Since tubes for the purpose indicated are subjected to rather rough handling and to quite high internal pressure they are liable to become dented and also weakened to such an extent that they rupture when the material is extruded. Since the tube serves also as a caulking gun it must be held quite firmly during the time it is in use and the pressure to which it is subjected frequently deforms it.
To overcome the difficulties pointed out the tubes are provided with a protective tubular covering or sleeve it which is preferably made from paper. The covering tube has an inside diameter that permits it to be slid over the tube.
The tubes before they are filled with caulking compound are open at the loottom and the wall of the tubes extend a short distance beyond the cover tube as shown by the broken lines ll in Figure 3. The caulking compound is introduced through the open bottom end by means of a nozzle in the usual manner. After the proper quantity of compound has been introduced the end closure is is put into position and forced into contact with the compound. There is sufficient clearance between the inside of the tube and the flange 15 to permit air to pass when the closure is put into position. After the end closure has been positioned into engagement with the compound the projecting end ll of the tube is turned inwardly and bent reversely into a position shown in Figures 1, 3 and 3A. The now upwardly facing bight of the reversely bent portion ll serves as a stop for the edge of flange I5 and holds the end closure from downward movement.
The reverse bending of end I! is efiected by a spinning operation that causes the outer wall to bulge outwardly in the manner indicated at I8 where this bulge has been somewhat exaggerated. Bulge 18 serves as a stop for the tubular cover 56 and keeps it from sliding downwardly during handling. After the tubes have been filled and the end closed by member 14 and the tube end bent as shown the parts are covered by a sealing compound 19 of ,any suitable material preferably a plastic compound like that now extensively employed in sealing bottles containing medicines, wines and other liquids.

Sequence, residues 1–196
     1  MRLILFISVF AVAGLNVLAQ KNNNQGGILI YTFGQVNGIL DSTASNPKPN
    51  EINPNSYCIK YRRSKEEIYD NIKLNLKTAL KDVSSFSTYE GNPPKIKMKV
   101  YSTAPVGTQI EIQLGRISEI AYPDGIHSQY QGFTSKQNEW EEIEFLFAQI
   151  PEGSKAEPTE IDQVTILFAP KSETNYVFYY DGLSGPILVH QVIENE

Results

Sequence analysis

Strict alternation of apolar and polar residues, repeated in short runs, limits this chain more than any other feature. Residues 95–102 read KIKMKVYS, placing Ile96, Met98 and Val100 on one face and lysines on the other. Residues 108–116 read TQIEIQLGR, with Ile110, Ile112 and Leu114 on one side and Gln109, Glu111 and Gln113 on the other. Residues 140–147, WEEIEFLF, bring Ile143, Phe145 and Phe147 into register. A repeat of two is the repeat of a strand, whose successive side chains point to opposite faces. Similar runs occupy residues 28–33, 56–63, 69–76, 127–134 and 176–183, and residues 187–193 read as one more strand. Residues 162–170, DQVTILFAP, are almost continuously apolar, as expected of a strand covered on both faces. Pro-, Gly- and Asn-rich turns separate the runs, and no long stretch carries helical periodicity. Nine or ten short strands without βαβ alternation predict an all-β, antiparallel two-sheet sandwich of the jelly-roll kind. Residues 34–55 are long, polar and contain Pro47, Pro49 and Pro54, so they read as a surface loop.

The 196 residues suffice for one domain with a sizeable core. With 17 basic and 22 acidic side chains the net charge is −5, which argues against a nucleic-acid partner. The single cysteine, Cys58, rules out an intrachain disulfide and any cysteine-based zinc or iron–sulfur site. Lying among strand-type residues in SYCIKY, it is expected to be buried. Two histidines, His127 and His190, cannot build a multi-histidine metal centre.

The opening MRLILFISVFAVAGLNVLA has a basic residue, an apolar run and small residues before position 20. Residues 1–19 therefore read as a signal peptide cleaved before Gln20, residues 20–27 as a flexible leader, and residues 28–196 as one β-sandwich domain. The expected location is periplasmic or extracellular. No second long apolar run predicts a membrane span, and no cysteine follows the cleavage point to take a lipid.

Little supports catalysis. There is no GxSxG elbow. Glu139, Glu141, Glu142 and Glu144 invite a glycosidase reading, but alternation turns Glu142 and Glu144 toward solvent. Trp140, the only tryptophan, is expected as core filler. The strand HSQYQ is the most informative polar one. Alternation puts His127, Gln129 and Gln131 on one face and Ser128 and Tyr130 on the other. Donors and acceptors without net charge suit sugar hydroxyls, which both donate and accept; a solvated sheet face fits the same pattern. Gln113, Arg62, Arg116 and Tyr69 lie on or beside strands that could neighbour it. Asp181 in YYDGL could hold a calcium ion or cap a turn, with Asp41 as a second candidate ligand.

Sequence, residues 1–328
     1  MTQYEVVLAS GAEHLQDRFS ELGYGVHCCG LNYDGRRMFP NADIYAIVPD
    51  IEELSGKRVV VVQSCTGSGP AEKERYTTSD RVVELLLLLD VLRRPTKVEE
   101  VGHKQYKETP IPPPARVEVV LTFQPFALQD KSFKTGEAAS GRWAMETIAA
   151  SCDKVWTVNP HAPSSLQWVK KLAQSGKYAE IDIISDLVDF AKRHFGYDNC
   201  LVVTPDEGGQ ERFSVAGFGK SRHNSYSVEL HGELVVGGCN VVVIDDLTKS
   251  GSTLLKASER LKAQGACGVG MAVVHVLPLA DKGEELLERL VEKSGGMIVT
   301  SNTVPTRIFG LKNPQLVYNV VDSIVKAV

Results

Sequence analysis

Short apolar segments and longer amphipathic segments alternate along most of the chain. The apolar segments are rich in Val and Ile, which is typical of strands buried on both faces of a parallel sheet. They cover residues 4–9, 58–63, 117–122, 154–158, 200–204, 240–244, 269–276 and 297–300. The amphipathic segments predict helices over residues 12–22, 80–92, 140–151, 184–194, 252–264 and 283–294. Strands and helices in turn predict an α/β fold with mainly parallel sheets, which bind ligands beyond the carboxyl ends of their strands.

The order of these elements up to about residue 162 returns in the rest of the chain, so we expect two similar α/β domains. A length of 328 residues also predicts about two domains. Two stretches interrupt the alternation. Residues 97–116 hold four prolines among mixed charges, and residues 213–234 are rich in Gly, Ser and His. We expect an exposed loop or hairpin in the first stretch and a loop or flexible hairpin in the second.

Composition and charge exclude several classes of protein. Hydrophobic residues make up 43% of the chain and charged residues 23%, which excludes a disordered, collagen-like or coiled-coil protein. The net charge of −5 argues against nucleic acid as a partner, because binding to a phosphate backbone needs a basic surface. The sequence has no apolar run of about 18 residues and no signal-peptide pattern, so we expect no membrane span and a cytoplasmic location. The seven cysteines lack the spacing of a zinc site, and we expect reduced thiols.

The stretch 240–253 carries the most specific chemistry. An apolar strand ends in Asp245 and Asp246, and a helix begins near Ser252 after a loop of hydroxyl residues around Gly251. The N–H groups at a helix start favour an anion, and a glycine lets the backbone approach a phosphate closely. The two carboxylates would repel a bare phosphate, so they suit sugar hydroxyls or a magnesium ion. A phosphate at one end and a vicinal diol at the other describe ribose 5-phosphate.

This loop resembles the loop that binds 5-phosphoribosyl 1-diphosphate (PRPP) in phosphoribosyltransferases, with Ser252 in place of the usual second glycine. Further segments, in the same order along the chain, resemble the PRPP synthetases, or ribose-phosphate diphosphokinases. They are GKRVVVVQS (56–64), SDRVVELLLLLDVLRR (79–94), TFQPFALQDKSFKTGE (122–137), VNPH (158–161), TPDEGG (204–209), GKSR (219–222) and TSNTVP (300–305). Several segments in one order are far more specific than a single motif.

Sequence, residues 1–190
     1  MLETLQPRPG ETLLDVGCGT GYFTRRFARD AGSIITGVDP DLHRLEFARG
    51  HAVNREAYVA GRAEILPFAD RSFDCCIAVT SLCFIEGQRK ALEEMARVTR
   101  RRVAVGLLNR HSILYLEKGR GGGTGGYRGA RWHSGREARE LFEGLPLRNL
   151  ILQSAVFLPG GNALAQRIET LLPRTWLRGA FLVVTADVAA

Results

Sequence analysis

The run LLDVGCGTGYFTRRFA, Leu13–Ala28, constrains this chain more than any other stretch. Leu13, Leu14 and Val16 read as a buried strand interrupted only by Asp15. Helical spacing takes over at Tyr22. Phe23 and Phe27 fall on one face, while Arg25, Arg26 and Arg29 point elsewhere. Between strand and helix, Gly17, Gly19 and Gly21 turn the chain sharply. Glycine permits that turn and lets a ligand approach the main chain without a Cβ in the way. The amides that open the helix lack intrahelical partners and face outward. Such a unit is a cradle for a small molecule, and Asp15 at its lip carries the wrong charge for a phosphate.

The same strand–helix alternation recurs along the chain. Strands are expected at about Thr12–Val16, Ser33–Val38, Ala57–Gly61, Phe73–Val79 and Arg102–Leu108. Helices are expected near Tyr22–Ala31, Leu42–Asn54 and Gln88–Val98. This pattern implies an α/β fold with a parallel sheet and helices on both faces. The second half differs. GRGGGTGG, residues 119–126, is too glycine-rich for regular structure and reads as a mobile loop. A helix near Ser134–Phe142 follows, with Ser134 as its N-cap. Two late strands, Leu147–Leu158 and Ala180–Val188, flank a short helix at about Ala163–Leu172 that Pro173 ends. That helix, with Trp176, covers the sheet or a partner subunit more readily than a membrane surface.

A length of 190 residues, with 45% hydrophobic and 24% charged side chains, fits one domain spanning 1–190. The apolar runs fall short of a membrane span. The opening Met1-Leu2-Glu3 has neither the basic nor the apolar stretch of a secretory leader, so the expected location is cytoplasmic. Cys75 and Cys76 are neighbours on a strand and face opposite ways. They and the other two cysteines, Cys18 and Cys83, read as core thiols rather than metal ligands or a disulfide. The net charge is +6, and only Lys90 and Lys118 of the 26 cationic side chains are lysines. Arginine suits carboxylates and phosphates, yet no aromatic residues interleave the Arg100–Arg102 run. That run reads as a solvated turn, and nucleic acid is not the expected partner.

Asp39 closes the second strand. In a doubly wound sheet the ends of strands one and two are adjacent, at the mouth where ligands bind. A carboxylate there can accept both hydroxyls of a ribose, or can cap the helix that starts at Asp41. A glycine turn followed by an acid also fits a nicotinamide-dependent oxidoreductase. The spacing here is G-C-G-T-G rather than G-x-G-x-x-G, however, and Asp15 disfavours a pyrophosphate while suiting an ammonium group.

When the device is to be used for. caulking, cap [2A is removed uncovering the nozzle. The sealing compound is then removed to the, extent that it does not interfere with the inward movement of the end closure. The operator now holds the tube and moves the dispensing nozzle along the crack to be sealed and at the same time applies an inward pressureto the end closure by means of the handle of a carpenter's hammer or other plunger 20. The internal pressure created by the inward movement of the end closure expands tube at slightly and forces it against the inner 4 against internal pressures but it gives rigidity to the whole and makes it practical to employ the tube as a caulking gun. The bulge [8 serves as a stop for tube l6 and the end of tube 10 serves as an abutment for flange l5.
What is claimed as new is:
1. A caulking compound dispensing device comprising a cylindrical metal tube the material of which is comparatively thin and readily bendable, one end or the tube being jopen, the other end terminating in an integral tubular neck through which the material is extruded the open end of the tube having a cylindrical closure slid- .able therein, forming a, piston for use in disj'ierisi'r'rg the material through the neck, the open end of "the tube being inwardly and revcrsely bent whereby it .forms a stop limiting the outward movement "of the "end closure, and a comparativelyrrigid tube enclosing the metal tube to give it strength and rigidity permitting it to be employed as a caulking gun and which in addition protects the metal tube from 'inj'uryan'd rupture.
2, A caulking compound dispensing device in accordance with claim 1 in which the "end of the metal tube having the reversely'bent portion is formed with a circumferential 'rib adjacent the end or the rigid tube forming a stop for the latter.
DONALD J. BURCH.